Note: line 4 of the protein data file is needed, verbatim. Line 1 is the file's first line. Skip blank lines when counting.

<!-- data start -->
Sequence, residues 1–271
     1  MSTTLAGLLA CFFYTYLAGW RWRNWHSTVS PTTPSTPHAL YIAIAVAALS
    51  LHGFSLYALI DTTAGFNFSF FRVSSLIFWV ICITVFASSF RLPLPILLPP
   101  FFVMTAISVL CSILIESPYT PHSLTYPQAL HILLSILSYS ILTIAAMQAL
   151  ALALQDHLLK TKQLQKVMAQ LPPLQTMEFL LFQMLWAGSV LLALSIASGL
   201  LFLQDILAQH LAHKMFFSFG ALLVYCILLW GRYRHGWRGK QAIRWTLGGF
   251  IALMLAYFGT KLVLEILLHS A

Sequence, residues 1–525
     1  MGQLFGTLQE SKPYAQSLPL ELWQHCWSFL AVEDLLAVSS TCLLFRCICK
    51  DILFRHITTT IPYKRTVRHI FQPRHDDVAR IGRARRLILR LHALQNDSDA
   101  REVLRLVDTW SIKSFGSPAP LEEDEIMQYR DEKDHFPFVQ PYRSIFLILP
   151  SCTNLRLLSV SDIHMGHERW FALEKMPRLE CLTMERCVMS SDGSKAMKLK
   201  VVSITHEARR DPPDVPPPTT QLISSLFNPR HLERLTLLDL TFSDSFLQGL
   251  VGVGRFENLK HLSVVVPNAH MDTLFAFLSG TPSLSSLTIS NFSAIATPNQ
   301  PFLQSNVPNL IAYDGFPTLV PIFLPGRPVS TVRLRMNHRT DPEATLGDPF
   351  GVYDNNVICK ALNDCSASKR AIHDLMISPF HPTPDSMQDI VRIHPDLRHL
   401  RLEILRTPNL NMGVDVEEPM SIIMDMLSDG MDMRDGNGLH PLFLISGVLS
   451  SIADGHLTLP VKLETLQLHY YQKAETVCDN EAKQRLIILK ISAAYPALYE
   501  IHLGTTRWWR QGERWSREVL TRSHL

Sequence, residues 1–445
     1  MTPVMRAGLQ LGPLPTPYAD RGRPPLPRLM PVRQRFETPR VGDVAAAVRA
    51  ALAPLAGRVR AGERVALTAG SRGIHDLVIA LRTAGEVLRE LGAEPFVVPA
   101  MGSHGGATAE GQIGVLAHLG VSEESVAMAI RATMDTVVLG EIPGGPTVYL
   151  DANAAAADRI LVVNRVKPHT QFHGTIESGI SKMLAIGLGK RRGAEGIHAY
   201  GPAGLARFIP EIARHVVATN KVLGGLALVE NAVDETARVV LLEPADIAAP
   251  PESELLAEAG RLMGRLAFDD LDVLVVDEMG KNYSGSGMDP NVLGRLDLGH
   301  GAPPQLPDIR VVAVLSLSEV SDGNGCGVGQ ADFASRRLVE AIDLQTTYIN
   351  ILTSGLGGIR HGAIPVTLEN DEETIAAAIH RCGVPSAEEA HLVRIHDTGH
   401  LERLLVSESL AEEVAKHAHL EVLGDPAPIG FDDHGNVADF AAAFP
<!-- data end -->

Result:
   101  FFVMTAISVL CSILIESPYT PHSLTYPQAL HILLSILSYS ILTIAAMQAL